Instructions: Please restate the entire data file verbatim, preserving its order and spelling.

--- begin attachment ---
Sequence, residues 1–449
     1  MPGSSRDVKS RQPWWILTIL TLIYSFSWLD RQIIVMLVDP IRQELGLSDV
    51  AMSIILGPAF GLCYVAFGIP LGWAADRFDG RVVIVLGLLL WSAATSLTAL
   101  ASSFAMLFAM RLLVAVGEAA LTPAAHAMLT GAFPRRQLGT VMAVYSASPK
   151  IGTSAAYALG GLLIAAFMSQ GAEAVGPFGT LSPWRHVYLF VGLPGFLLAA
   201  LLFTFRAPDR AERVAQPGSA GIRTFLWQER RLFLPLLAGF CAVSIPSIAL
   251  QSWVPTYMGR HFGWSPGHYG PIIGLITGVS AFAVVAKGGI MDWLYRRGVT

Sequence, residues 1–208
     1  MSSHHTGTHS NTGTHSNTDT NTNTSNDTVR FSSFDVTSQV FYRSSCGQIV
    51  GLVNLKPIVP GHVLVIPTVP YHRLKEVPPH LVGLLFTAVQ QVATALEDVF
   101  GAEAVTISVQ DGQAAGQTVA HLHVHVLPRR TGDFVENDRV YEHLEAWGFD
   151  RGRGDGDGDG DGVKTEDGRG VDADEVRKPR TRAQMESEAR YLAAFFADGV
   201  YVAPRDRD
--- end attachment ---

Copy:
Sequence, residues 1–449
     1  MPGSSRDVKS RQPWWILTIL TLIYSFSWLD RQIIVMLVDP IRQELGLSDV
    51  AMSIILGPAF GLCYVAFGIP LGWAADRFDG RVVIVLGLLL WSAATSLTAL
   101  ASSFAMLFAM RLLVAVGEAA LTPAAHAMLT GAFPRRQLGT VMAVYSASPK
   151  IGTSAAYALG GLLIAAFMSQ GAEAVGPFGT LSPWRHVYLF VGLPGFLLAA
   201  LLFTFRAPDR AERVAQPGSA GIRTFLWQER RLFLPLLAGF CAVSIPSIAL
   251  QSWVPTYMGR HFGWSPGHYG PIIGLITGVS AFAVVAKGGI MDWLYRRGVT

Sequence, residues 1–208
     1  MSSHHTGTHS NTGTHSNTDT NTNTSNDTVR FSSFDVTSQV FYRSSCGQIV
    51  GLVNLKPIVP GHVLVIPTVP YHRLKEVPPH LVGLLFTAVQ QVATALEDVF
   101  GAEAVTISVQ DGQAAGQTVA HLHVHVLPRR TGDFVENDRV YEHLEAWGFD
   151  RGRGDGDGDG DGVKTEDGRG VDADEVRKPR TRAQMESEAR YLAAFFADGV
   201  YVAPRDRD